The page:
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Adapting Urban Transport to Climate Change

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Overview

This article has been adapted from the GIZ Sourcebook on Adapting Urban Transport to Climate Change[1].


Transport is linked to all aspects of urban life: leisure, education, business and industry. Ensuring a resilient urban transport system is therefore necessary to avoid large and costly disruptions of urban life. As current weather impacts on transport will become more frequent and more extreme in the future, the number of days on which the transport system is confronted with extreme stressors will increase. If no adaptive measures are taken, more frequent disruptions and higher economic costs must be expected.

Adaptation in transport cannot be viewed in isolation nor be reduced to technical infrastructure fixes.

In order to deal with climate change, transport systems must be:

  • designed to cater for the mobility demands of all urban populations, including the poor, under changing climatic conditions, but also
  • try to minimise transport-related greenhouse gas emissions. This includes considering the consequences of adaptation strategies for mitigation.


Cities and Climate Change

Urbanisation rates average 2% globally, but are higher in many developing countries. Being home to more than three billion people, cities are major sources of greenhouse gas emissions.

At the same time, with high population and infrastructure densities as well as concentrated economic activities, cities are particularly vulnerable to the impacts of climate change and need to adapt.

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Vulnerability in Cities

It must also be noticed that not all people are equally vulnerable. Their vulnerability basically depends on two factors: the exposure to climate hazards and their ability to adapt to or avoid those impacts. In general, the urban population most vulnerable include children, ill and disabled people or the elderly, who are less able to cope with heat stress or to flee quickly in the case of a disaster. But also the urban poor – especially those most exposed, e.g. by living on floodplains or in poor quality housing –, who are not able to move or change jobs if their livelihood is threatened. These are also often the people least able to recover from a disaster, loss of home or income. Wealthy people on the other hand, are better positioned to take protective measures or escape when disaster occurs. For instance, a response to tropical storm warnings is to evacuate high-risk areas. However, due to limited access to (private) mobility this is not easily possible for the urban poor, when evacuation plans do not include sufficient (and free) provision of public transport to evacuate.

City governments can improve the resilience of their poor and vulnerable populations by catering to their specific needs. This includes the provision of an affordable, safe and inclusive urban transport system – especially in times of crisis. Poor neighbourhoods will have to be actively integrated into city, land-use and transport planning – not segregated – in order to increase the resilience of the urban majority and urban systems as a whole.

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Likely Impacts on Urban Transport Systems and Potential Adaptation Measures


Transport Infrastructure


Road Infrastructure, Bike Lanes, Walkways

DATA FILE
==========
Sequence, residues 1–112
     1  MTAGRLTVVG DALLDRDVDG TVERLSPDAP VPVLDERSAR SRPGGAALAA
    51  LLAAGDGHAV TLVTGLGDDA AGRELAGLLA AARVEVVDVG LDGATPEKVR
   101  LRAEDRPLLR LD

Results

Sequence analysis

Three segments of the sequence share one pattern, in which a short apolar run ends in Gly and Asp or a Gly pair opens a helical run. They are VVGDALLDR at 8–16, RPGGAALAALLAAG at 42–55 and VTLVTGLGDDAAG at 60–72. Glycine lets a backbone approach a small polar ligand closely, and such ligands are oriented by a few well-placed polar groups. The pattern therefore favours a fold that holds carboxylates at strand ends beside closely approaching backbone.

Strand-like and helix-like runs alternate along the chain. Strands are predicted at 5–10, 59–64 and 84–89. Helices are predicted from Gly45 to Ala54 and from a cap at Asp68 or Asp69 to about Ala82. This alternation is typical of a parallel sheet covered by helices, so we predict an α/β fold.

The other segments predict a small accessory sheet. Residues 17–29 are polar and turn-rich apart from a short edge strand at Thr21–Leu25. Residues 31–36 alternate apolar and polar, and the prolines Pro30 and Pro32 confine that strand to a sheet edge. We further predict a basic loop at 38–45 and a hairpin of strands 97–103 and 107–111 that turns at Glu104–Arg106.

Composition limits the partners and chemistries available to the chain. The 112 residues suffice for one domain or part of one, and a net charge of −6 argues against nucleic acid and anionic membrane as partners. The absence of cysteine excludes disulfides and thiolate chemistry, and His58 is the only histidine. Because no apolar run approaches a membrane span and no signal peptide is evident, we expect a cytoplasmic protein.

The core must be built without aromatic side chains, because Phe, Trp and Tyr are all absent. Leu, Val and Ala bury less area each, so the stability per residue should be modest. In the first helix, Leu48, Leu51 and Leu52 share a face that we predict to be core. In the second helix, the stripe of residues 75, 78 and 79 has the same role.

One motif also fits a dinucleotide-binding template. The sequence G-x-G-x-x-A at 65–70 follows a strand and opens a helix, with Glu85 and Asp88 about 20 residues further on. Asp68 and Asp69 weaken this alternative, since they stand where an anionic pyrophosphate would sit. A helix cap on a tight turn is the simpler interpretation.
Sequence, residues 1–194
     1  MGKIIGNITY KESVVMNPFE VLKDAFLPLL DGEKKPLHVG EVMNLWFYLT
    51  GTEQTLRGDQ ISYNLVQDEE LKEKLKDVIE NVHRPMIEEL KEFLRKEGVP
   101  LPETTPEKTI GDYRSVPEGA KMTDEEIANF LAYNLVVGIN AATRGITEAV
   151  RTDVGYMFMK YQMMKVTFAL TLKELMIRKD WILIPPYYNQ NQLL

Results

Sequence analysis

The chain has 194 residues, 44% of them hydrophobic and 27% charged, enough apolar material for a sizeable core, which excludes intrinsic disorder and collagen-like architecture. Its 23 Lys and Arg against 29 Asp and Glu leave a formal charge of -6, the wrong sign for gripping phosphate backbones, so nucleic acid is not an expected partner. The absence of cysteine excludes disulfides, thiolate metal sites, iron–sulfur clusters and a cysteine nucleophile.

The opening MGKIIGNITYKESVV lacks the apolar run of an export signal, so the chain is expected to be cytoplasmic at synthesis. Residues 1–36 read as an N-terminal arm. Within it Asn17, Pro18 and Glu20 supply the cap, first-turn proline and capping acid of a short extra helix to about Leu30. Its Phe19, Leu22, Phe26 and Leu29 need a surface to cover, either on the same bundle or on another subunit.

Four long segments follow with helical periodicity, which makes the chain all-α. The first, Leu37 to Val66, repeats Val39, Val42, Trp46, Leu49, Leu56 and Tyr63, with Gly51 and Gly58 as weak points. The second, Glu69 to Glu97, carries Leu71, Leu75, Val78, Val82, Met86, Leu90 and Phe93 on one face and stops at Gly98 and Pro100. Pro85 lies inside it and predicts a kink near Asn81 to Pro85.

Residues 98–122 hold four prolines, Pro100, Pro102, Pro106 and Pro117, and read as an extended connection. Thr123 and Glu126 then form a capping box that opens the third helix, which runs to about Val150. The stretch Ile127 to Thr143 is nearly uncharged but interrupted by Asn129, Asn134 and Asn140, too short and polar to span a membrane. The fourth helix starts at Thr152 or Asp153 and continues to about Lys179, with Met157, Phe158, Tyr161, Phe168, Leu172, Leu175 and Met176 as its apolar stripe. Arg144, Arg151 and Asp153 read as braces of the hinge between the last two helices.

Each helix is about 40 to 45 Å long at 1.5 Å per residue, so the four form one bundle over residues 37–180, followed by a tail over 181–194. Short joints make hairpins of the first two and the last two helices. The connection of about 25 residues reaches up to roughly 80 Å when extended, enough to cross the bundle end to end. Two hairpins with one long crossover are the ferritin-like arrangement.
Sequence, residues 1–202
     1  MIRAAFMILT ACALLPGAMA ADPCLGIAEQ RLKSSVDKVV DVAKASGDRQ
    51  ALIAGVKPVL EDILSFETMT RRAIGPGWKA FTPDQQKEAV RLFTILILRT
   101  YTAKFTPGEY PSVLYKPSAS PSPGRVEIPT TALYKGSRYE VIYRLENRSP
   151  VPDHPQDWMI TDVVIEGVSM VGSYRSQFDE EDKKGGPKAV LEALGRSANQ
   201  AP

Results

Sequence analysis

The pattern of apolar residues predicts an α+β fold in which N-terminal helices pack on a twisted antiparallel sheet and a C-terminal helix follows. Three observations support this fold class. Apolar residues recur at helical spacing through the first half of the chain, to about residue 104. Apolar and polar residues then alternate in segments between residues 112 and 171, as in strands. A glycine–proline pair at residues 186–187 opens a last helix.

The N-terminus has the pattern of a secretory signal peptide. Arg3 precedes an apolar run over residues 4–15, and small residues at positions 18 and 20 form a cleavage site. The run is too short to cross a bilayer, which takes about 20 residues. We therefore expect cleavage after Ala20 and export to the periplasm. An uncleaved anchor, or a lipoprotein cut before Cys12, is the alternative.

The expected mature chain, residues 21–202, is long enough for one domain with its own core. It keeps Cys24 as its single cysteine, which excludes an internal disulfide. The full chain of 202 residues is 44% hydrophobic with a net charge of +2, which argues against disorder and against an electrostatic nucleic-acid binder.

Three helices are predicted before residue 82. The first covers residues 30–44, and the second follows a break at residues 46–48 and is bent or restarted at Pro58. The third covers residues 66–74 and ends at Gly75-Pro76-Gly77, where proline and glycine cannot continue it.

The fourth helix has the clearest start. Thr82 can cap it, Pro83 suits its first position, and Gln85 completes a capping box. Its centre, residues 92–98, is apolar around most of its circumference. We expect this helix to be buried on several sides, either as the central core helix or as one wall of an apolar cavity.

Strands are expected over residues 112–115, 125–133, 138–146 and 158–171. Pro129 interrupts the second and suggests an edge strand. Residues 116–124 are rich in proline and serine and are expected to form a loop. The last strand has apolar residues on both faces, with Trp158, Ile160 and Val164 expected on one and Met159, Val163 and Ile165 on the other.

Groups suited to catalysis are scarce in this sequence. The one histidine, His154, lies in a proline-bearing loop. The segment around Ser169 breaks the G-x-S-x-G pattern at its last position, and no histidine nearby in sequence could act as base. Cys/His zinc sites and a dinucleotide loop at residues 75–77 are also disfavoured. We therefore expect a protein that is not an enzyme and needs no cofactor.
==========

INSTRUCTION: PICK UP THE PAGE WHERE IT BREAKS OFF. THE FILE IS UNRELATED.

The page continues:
Road infrastructure, including infrastructure for non-motorized transport (bicycle lanes and walkways), provides the foundation for most public, private and commercial mobility in developing cities. The table below gives a detailed overview of the relevant climate impacts on road infrastructure and possible adaptation measures.


Relevant climate impacts

Impact on road infrastructure

Possible adaptation measures

Increased temperature and more heat waves

  • Deformations of roads, slowing down or disrupting transport; melting of asphalt/dark surfaces
  • Increased asphalt rutting due to material constraints under severe exposure to heat
  • Planting roadside vegetation to decrease the exposure of roads to heat
  • Reduce overall exposure and provide cooling through green and blue infrastructure, such as parks and lakes, but also road-side trees or other shading
  • Proper design/construction, overlay with more rut-resistant asphalt or more use of concrete
  • more maintenance, milling out ruts


  • Thermal expansion on bridge expansion joints and paved surfaces
  • Bridge structural material degradation
  • New design standards may be needed to withstand higher temperatures
  • Increased maintenance

More frequent droughts (and less soil moisture)

  • Dry soils in combination with more intense rains will lead to more landslides and subsidence
  • Road foundation degradation due to increased variation in wet/dry spells and a decrease in available moisture
  • Dust and sand on roadways can be a safety hazard from several perspectives including reduced friction in braking, as well as less sighting of roadway markings
  • Assess the likeliness of impacts on road infrastructure (risk mapping)
  • Avoid new developments in high-risk areas
  • Monitoring of soil conditions of existing roads
  • Increased cleaning and maintenance of roadways

Sea level rise and coastal erosion

  • Risk of inundation of road infrastructure and flooding of underground tunnels in coastal cities
  • Degradation of the roadway surface and base layers from salt penetration



  • Create vulnerability maps to identify areas most at risk
  • Restrict developments in high-risk areas, e.g. along the shoreline; zoning
  • Integrate transport planning with coastal zone management
  • Enhance protective measures, such as sea walls, protection of coastal wetlands (as buffers)
  • Managed retreat, possibly including abandoning of certain transport infrastructure in the mid to long term
  • Build more redundancy into system
  • Design and material changes towards more corrosion-resilient materials
  • Improved drainage, pumping of underpasses and elevating roads

More extreme rainfall events and flooding